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Wednesday, October 11, 2023

2023 Northeast Lean Conference Re-cap

Last week I attended the Northeast Lean Conference in Worcester, MA. The Northeast Lean Conference was created by GBMP to provide information and inspiration to Lean practitioners - from those just starting out to seasoned Lean leaders from the manufacturing, healthcare, service and other vital industry sectors.

The theme, It’s About Time, has a double meaning:

  • First, the correct use of Lean methods – from 5S to SMED to Standardized Work – absolutely reclaims and repurposes wasted time for the betterment of customers, employees, and the company.  Provide employees with these methods and watch the creativity surge.
  • Second, there has never been a better time than today when so many organizations regardless of industry share a common motivation:  How to satisfy increased customer demand in the face of scarce resources?  Doesn’t that sound like Lean?  It’s about time for management to make a visible commitment to continuous improvement.

Andrew Koenig, CEO of City Furniture, kicked off the conference with message about Lean implementation with heart. Andrew’s lean journey started in college with a trip to Toyota in Japan. He implemented Lean throughout all departments in a retail company by creating a culture of mutual trust and respect, teamwork, and a deep sense of urgency to continuously improve. As a result, they have seen many major breakthroughs in turnover reduction, operational process improvement, customer experience, safety, associate satisfaction, strategic planning, and finance. We need to focus on people and teamwork – not just problem solving. “You need to have strong mutual respect among all the associates, so they feel no fear in offering ideas and highlighting problems,” Andrew explained. “Every day, we are pulling problems out of our associates, and leaders, working together to solve them.” For strategic planning purposes, Andrew has a catchphrase: Bottom Up, Top Down, Closed Loop. “We are trying to get everyone in the entire company to participate in our strategic planning processes, give us their ideas, and share that with the senior team, who then share that with me. What I learned from Toyota is that you need to get everyone engaged in improving the business."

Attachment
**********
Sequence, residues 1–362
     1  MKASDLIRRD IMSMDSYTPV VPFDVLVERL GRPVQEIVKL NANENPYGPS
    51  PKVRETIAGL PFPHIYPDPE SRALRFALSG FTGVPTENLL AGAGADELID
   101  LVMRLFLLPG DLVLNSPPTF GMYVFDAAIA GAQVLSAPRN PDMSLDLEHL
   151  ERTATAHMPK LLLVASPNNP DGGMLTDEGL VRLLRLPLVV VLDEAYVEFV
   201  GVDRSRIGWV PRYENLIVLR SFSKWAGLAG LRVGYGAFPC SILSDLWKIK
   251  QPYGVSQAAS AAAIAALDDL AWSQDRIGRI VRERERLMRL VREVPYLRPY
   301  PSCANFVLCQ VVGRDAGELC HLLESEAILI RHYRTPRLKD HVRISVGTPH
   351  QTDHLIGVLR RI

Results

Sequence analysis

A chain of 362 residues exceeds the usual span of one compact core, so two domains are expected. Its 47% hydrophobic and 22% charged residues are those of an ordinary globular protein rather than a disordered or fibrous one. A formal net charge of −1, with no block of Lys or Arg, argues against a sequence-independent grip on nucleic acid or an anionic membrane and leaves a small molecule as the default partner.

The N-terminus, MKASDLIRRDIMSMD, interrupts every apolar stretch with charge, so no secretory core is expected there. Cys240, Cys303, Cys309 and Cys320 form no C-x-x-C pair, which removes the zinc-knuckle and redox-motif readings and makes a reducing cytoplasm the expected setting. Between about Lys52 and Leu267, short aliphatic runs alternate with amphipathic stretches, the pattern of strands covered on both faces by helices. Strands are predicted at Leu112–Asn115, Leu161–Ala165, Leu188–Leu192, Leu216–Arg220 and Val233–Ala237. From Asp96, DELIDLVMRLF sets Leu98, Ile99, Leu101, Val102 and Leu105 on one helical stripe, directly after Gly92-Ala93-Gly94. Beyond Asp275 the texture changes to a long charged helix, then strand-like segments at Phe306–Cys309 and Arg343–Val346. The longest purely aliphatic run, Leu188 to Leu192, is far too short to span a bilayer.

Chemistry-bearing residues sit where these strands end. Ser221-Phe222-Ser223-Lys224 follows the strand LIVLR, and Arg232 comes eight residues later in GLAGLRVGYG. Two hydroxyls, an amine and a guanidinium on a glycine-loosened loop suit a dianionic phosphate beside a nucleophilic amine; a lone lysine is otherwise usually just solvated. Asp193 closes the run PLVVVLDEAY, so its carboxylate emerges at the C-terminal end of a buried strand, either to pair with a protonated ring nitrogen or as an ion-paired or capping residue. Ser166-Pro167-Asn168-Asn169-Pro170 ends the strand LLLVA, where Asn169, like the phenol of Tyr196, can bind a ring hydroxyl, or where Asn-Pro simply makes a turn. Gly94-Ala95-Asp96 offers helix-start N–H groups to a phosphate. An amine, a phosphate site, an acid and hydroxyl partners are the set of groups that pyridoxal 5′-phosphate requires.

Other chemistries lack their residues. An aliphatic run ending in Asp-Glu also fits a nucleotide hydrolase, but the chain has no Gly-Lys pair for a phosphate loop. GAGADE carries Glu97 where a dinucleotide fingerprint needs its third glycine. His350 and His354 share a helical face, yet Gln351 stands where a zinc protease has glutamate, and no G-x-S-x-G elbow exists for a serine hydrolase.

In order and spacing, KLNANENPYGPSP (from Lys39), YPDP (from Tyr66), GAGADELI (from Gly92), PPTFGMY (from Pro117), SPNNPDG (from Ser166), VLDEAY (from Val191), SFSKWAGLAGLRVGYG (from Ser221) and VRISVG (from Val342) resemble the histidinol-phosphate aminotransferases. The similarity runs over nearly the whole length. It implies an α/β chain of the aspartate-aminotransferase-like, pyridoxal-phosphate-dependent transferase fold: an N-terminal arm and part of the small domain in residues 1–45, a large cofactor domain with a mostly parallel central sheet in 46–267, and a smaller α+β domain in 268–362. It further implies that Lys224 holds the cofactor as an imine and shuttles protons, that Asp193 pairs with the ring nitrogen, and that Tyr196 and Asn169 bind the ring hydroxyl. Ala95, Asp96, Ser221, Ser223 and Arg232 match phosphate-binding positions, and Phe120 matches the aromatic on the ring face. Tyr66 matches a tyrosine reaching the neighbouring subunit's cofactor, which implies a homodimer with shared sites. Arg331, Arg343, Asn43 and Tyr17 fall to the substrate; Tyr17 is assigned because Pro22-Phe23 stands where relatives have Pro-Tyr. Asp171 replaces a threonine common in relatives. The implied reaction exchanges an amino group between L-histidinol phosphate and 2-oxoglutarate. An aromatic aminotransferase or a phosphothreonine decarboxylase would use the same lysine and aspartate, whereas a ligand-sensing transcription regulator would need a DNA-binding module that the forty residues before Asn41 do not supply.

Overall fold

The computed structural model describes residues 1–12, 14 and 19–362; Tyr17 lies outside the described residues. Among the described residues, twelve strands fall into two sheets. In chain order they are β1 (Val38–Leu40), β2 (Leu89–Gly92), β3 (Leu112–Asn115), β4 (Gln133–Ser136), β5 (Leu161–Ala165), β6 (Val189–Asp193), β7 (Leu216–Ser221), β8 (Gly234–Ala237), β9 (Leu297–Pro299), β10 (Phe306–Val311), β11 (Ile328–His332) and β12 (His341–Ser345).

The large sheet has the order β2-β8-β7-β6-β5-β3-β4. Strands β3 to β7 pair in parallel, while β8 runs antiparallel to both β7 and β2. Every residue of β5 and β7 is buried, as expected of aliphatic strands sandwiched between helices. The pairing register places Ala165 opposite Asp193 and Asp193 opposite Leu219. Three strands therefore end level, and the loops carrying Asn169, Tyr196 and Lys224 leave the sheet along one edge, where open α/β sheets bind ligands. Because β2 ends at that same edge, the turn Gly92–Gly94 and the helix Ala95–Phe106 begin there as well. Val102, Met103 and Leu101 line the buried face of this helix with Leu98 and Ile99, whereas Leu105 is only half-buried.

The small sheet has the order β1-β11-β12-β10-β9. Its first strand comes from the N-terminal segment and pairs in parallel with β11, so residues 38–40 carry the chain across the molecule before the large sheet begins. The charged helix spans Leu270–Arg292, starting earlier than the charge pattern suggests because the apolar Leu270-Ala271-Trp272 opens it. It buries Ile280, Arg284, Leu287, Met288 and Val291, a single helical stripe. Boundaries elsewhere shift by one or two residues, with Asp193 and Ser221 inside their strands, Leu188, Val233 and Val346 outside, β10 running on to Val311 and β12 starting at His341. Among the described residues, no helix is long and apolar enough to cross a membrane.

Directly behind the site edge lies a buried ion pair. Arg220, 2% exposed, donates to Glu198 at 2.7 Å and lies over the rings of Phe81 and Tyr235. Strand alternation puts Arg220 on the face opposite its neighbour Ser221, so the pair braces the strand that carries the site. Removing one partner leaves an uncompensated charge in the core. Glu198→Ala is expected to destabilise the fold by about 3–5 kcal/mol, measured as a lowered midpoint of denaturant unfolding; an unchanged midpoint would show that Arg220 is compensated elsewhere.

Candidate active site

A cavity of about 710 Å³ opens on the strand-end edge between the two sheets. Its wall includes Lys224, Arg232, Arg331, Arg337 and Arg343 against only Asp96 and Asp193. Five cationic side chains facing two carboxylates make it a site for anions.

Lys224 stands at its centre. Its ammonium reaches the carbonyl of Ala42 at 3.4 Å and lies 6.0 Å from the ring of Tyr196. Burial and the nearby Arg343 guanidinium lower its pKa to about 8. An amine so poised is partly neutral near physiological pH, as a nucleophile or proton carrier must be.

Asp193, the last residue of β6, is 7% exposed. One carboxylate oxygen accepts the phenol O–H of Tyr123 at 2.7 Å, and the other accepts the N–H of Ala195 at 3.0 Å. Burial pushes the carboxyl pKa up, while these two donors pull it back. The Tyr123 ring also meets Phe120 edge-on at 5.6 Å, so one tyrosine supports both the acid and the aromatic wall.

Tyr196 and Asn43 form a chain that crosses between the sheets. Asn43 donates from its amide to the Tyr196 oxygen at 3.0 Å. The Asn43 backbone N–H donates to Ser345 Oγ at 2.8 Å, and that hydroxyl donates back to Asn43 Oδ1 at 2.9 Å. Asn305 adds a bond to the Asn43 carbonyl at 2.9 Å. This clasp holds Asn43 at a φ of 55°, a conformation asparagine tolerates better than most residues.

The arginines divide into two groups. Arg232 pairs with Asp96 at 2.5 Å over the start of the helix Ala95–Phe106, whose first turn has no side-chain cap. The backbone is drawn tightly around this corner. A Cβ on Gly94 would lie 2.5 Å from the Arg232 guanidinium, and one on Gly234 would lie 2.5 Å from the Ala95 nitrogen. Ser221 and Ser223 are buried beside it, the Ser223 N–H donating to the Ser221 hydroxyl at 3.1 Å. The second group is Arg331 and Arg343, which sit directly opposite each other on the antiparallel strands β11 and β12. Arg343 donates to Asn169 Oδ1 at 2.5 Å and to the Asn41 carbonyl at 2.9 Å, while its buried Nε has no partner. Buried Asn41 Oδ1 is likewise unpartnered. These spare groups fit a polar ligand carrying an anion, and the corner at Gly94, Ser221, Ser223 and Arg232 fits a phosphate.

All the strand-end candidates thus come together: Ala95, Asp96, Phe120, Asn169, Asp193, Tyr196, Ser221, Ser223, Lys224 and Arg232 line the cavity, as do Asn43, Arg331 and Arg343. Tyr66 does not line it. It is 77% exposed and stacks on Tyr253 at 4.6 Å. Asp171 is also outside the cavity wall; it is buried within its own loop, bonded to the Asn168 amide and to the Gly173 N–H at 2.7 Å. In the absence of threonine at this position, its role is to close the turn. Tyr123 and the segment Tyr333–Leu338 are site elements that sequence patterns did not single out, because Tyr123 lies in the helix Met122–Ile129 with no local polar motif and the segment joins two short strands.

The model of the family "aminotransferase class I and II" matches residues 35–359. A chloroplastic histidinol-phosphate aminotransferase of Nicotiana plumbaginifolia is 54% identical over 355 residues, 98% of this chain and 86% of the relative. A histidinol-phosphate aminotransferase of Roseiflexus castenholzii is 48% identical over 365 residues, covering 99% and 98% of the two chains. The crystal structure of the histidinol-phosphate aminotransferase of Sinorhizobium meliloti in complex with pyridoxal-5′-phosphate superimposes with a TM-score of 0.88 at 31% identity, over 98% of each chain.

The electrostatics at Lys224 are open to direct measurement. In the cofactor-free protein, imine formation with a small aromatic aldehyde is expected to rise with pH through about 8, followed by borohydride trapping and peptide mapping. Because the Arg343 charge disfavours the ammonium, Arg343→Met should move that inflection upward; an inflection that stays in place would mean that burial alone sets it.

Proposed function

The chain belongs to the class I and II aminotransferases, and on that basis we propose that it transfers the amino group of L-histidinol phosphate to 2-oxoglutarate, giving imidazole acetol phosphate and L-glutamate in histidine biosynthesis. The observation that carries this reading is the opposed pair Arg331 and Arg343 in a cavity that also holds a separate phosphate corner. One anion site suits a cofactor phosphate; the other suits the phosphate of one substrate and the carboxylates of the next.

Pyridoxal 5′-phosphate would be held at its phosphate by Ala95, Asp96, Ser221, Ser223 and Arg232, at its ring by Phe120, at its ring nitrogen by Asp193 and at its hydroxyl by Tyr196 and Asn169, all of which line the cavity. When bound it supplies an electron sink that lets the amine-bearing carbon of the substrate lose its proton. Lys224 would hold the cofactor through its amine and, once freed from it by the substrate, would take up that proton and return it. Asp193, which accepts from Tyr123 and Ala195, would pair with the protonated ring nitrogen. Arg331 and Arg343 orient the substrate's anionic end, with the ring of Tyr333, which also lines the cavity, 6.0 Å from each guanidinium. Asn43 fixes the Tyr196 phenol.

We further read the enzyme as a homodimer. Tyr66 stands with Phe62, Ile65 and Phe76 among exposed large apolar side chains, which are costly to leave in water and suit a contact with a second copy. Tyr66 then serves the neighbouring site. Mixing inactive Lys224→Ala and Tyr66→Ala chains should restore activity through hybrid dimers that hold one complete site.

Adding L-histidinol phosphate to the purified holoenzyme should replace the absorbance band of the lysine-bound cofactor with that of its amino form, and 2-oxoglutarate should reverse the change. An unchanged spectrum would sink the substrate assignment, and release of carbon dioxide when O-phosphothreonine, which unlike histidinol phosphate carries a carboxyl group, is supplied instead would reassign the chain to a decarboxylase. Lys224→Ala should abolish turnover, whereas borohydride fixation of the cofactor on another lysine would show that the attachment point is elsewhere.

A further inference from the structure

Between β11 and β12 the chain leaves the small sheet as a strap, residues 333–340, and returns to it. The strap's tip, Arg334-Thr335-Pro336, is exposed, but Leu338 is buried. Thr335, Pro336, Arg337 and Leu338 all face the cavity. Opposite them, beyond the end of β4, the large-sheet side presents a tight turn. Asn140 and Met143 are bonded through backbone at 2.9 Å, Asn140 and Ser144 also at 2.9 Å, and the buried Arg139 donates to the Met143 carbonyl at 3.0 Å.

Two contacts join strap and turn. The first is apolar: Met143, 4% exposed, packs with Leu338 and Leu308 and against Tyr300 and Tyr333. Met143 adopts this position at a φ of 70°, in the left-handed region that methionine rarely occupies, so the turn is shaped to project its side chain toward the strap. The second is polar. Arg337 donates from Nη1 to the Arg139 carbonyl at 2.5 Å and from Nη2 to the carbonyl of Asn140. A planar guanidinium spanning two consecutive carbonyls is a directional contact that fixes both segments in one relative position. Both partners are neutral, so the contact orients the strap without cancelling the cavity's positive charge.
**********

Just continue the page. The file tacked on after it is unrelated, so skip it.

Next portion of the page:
Melinda Mante, GBMP Lean Consultant, showcased a set of practical habits you can immediately implement to inspire action from her experience at Intel. There are 3 leadership actions:

  • Set direction – challenge the status quo
  • Show the way – go first, learn, and demonstrate
  • Support – enable, encourage, and care

There is approximately 4000 weeks to live on average. Every day matters. At work its’ much less. Set aside time on calendar for these leadership elements.

Tom Sullivan, Senior Vice President of Operations at Ruger, ended the first day share their journey to develop a Lean New Product Development process.

Highlights included:

  • Dedicated formal project management is very important – Obeya Room co-located teams
  • Simultaneous product & process development (Single Thought Flow) “Tatakidai” = chopping block, rapid prototyping
  • Virtual Obeya Room – COVID pushed this idea but still very effective for dispersed teams
  • Leaders Genba with Lean NPD Team – Servant Leadership
  • Focus on Lean Thinking – PDCA, 8 wastes for NPD, Mura, Muri
  • Standard Work – the one best way to do something